IDENTIFYING DOORWAY ACCESS POINTS

An example system in accordance with an aspect of the present disclosure includes a controller to store Received Signal Strength Indicator (RSSI) information for an unassociated client detected by an access point (AP) of a wireless network. The controller is to identify that the unassociated client has associated with the wireless network, and identify the AP as a doorway AP in response to the client associating to the AP.

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Description
BACKGROUND

A given Wireless Local Area Network LAN (WLAN), or Wi-Fi network deployment, such as at a store or office space, can contain Access Points (APs) to enable clients to wirelessly connect to the network. The network can include a single AP, a set of two or three APs, multiple floors having multiple APs, and so on.

BRIEF DESCRIPTION OF THE DRAWINGS/FIGURES

FIG. 1 is a block diagram of a computing system including a controller to store Received Signal Strength Indicator (RSSI) information according to an example.

FIG. 2 is a block diagram of a computing system including a controller to store RSSI bands according to an example.

FIG. 3 is a flow chart based on identifying a doorway Access Point (AP) according to an example.

FIG. 4 is a flow chart based on updating RSSI and AP according to an example.

DETAILED DESCRIPTION

Location information for potential visitors to a network deployment may not be directly available, but can be inferred from signal information from the clients as detected by the wireless network. Such information is valuable for determining footfalls of clients inside a store or other location where a wireless network is deployed, as well as footfalls of clients in the vicinity of the store or directly in front of a doorway (a store may have one or more doorways).

However, signal information can be noisy and subject to imprecision, if analyzed based on static thresholds for the signal information. Furthermore, the signal information can be influenced by placement of the AP(s), which can further lead to incorrect classifications of foot traffic. The calculation of footfall based on static thresholds can be influenced by the orientation of the store/network deployment, and the placement of APs in that orientation. For example, a given orientation of a store could cause clients who are well outside of the store to happen to be close to a given AP in the store, resulting in incorrectly counting such clients as visitors to the store. Clients in adjacent stores could be detected as passersby or visitors, if the store walls are not Radio Frequency (RF) insulated. Clients across floors can be detected/heard as passersby. Dwell time of such clients may lead to incorrect approximations as footfalls inside the store. Additionally, clients in the store incorrectly may be heard as passersby, and a client outside the store incorrectly can be recorded as a visitor.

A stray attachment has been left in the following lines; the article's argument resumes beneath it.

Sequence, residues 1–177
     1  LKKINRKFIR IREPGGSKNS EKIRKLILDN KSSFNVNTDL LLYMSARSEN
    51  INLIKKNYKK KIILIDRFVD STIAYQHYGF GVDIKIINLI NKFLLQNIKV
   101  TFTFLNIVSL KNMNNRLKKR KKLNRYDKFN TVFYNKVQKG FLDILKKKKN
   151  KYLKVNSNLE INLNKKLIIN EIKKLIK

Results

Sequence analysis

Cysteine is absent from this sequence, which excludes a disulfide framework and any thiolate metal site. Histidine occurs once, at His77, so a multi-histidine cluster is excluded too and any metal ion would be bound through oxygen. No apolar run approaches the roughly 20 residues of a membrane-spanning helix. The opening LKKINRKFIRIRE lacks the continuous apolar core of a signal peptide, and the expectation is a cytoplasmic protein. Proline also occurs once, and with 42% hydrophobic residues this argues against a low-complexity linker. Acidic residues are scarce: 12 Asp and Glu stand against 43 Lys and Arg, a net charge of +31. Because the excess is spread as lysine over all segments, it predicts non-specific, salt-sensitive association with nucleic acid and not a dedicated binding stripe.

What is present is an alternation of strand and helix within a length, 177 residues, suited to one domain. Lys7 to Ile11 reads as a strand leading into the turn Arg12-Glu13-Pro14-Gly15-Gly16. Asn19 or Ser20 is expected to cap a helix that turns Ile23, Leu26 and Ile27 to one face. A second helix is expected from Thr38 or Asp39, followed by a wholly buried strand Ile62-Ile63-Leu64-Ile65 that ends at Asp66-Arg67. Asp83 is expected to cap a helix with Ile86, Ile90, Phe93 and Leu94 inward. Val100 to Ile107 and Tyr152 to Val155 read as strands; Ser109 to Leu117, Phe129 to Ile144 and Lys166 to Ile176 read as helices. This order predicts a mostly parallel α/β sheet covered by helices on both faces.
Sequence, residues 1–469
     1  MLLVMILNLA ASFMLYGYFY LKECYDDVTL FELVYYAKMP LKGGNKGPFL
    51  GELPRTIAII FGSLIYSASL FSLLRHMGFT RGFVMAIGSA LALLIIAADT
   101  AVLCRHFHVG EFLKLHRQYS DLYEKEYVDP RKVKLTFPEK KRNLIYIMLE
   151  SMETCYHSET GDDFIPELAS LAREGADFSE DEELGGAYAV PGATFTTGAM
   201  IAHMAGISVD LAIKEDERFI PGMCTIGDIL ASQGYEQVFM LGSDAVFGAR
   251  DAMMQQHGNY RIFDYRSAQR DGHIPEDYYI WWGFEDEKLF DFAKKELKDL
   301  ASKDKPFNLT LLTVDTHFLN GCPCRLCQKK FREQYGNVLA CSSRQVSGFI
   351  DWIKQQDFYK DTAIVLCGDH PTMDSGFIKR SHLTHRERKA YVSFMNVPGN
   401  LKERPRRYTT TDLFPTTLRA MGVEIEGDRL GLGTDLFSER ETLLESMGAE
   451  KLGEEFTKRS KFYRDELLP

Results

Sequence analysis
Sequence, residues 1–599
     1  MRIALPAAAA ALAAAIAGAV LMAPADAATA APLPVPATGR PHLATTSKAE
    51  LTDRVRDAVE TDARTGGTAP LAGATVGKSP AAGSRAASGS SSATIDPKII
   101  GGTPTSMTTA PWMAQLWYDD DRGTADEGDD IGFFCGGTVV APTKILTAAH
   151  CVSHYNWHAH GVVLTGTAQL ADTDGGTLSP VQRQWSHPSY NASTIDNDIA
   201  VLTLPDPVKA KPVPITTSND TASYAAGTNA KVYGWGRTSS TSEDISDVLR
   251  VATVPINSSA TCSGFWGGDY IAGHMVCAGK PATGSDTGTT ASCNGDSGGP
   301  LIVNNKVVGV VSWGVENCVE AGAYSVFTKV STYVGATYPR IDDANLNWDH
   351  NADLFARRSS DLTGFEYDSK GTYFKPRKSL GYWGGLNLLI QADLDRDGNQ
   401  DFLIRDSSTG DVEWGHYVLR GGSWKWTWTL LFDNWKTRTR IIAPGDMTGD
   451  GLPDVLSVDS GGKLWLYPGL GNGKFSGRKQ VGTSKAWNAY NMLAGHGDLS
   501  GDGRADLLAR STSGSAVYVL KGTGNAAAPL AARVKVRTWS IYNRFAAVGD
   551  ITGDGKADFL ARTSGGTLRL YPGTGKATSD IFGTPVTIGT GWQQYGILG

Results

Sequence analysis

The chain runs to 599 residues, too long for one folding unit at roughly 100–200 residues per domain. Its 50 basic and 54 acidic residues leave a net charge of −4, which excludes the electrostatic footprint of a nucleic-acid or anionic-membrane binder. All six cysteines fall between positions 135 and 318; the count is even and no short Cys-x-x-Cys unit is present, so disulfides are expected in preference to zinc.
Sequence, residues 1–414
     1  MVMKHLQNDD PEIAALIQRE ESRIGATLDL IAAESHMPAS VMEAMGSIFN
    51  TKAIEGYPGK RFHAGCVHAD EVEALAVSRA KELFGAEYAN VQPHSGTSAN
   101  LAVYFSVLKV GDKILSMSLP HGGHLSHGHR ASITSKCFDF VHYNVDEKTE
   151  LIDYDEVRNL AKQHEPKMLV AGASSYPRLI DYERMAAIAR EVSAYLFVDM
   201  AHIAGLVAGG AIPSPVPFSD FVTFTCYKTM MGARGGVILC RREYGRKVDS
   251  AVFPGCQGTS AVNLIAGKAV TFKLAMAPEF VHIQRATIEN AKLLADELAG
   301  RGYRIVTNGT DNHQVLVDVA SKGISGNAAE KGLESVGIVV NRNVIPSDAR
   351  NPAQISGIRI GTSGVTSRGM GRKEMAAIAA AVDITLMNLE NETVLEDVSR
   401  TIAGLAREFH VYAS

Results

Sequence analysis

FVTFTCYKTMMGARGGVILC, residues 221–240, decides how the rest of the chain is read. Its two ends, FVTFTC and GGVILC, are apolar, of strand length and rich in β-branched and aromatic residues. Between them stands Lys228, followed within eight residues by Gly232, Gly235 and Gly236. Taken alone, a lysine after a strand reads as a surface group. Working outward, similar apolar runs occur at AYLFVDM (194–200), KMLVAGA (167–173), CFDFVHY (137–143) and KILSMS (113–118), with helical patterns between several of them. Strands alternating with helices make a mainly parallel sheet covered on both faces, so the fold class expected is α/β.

To address such issues, some example implementations described herein may discern actions in client movements, such that the actions reveal whether a given client has the potential to enter the store. Accordingly, a client who is detected/heard by an AP in the store for the first time can be categorized as a passerby. A client whose signal information, such as Received Signal Strength Indicator (RSSI) information, is reported to be over a given threshold for a given period of time, can be categorized as a visitor. For example, a client having an RSSI value greater than or equal to −64 decibel-milliwatts (dBm) with a dwell time of greater than one minute can be categorized as a visitor, associated with a given footfall pattern relative to the store/wireless network.